I'm currently doing Latin in high school, and there's one thing which I can't get my head around in a recent test I got back.

I translated the command "Listen to me!" as "mihi audi!" but it was marked as wrong, and the correct answer (according to my teacher) was "me audi!".

Why isn't the dative (mihi) used here? Doesn't it literally mean "Listen to me", or am I misunderstanding something?


2 Answers 2


Your match of mihi with "to" is correct, but that's the dative case, not the genitive. The genitive is mei.

Neither case is appropriate here, though. Audio more or less contains the idea of "to" in itself—it means "hear" or "listen to". Thus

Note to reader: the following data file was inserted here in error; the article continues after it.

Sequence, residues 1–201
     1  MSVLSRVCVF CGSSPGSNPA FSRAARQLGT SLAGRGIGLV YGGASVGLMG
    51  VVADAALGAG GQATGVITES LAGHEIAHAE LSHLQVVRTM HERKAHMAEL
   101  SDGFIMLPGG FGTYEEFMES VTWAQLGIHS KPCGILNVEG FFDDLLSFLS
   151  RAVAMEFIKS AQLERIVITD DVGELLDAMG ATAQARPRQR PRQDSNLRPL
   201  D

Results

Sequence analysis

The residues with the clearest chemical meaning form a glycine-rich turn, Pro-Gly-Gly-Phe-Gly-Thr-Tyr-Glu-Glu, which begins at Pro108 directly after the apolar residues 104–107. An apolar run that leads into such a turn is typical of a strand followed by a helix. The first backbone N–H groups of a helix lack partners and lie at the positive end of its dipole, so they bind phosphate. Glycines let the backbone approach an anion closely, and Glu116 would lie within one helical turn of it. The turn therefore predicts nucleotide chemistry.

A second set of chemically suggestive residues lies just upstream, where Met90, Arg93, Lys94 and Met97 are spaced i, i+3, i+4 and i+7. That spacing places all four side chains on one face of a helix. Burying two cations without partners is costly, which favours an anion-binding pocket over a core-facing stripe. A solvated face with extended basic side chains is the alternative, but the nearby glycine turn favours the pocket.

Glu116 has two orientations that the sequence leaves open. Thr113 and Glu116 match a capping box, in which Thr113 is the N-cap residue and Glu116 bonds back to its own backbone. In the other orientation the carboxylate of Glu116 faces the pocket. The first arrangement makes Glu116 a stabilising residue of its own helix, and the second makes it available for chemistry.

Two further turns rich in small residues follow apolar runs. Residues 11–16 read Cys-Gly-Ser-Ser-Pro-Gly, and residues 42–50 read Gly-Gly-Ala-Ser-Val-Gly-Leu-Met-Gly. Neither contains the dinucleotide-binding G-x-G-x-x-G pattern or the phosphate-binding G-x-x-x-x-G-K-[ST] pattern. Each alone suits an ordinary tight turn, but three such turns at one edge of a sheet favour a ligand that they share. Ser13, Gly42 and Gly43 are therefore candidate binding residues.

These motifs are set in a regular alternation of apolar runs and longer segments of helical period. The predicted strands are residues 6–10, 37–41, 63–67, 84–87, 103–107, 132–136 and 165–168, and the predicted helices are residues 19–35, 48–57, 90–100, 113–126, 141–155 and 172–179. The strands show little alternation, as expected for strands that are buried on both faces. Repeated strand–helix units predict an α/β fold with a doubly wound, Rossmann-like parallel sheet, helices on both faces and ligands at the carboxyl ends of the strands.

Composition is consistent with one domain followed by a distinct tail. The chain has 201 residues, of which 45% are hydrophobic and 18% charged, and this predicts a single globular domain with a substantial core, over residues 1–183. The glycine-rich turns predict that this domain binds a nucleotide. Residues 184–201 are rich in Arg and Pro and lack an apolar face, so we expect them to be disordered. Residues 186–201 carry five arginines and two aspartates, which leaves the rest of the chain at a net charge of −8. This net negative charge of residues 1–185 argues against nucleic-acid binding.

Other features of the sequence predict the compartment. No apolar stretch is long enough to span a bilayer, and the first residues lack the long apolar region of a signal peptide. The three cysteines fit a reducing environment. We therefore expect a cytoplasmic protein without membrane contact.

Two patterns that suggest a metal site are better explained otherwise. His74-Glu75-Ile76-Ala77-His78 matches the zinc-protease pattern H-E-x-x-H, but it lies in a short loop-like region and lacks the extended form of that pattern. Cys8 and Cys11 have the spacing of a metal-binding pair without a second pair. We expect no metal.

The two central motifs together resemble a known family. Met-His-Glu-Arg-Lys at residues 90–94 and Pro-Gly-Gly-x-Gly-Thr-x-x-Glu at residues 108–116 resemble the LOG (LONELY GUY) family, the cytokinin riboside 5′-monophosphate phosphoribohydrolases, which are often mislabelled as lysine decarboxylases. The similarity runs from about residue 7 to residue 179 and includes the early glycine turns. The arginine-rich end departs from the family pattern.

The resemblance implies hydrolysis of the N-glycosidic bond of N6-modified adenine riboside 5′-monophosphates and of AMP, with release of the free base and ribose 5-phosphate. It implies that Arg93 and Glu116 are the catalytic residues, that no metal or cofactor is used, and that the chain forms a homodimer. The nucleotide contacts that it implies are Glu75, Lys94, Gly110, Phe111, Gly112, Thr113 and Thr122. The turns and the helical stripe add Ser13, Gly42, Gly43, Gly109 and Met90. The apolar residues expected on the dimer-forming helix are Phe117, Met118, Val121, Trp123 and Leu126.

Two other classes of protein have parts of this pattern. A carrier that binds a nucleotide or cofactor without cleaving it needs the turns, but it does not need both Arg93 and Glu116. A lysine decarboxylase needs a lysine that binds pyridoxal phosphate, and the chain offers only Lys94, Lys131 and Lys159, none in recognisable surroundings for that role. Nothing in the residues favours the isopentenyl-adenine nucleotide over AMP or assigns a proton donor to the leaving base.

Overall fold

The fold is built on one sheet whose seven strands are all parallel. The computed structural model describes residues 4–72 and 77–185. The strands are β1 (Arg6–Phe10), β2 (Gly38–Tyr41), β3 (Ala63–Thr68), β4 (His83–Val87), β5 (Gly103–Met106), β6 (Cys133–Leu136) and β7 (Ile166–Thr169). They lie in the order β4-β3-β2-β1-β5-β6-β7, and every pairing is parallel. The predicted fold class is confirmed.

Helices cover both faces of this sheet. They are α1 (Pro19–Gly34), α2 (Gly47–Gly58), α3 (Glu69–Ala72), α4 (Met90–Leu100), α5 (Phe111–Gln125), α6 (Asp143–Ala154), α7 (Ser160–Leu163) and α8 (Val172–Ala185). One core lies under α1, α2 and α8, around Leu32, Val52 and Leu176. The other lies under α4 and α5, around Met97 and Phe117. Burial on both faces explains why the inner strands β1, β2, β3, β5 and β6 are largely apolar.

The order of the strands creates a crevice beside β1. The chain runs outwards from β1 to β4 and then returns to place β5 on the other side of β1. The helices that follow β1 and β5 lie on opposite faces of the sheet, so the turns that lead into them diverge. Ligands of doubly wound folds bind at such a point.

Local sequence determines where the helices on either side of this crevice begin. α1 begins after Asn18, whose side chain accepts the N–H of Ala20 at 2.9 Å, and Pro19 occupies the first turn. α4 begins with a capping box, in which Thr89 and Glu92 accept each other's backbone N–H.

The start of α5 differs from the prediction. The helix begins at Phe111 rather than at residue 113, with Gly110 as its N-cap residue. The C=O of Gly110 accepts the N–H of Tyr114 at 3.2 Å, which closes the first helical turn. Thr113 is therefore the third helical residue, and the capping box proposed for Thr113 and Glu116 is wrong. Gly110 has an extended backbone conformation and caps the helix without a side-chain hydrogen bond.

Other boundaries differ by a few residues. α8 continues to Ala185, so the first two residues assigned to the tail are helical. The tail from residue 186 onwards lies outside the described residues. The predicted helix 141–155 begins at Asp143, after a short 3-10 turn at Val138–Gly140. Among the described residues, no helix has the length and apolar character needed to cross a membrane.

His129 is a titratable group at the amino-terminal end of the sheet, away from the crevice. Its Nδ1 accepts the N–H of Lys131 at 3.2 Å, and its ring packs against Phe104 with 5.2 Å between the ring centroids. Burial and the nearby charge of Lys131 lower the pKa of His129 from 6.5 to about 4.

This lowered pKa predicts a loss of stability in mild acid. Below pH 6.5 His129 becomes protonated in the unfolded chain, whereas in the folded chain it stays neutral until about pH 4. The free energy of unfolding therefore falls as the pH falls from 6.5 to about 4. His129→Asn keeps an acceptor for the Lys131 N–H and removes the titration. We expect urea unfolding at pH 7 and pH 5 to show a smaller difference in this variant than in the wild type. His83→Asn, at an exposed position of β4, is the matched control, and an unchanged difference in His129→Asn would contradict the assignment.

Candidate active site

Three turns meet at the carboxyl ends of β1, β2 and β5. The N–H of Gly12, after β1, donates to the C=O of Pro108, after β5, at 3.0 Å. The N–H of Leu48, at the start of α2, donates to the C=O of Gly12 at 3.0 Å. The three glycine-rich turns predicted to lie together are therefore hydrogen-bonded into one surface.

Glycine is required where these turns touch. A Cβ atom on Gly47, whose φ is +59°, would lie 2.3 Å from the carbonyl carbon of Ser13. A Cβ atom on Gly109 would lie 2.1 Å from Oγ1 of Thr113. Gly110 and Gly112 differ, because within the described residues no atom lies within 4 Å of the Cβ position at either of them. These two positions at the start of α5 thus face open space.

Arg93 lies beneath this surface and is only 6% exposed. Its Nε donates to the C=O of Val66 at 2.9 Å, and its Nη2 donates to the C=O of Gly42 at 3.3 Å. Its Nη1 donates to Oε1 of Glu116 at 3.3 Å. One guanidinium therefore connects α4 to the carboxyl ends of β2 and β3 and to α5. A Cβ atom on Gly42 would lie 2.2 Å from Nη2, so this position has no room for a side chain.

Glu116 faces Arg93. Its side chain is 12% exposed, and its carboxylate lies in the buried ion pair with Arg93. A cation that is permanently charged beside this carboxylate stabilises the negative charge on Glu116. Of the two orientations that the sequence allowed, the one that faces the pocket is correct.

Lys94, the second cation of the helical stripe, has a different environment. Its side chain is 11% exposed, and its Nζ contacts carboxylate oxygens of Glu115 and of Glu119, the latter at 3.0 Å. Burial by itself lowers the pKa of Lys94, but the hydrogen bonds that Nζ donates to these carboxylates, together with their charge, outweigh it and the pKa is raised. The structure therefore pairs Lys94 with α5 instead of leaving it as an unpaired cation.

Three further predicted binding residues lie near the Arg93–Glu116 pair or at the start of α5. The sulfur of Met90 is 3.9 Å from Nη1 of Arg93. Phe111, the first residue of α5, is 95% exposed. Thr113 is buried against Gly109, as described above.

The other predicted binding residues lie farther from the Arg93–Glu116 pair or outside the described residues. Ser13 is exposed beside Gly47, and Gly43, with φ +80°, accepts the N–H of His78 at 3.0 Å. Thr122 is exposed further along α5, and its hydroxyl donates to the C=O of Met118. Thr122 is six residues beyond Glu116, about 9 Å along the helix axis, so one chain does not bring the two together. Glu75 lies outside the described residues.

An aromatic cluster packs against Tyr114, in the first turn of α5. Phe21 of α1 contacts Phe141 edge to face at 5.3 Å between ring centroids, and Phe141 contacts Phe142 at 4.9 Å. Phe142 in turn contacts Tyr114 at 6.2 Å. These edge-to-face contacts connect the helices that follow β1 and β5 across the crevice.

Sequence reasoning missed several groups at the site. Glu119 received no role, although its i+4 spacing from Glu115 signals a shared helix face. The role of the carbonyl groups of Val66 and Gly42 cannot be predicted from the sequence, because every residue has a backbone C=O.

Listen to me!


(Listen to) (me)!


Audi me!

Another way of saying "Listen to me" could be "Hear me". In that rephrasing, the reason for using accusative is more obvious.

If you wanted a word that more closely meant "listen to" rather than "hear", a word that didn't have that sort of passive undertone, you could use ausculto.


As a matter of fact, audire, in the sense “listen to, obey”, can be construed with a dative, or indeed two datives, in the idiom “dicto audientem esse alicui”, literally “to be listening to the word to someone”, that is: “to obey someone”.

So for “listen to me!” you could say “dicto audiens es mihi”.

See here (towards the end): https://www.perseus.tufts.edu/hopper/text?doc=Perseus%3Atext%3A1999.04.0059%3Aentry%3Daudio

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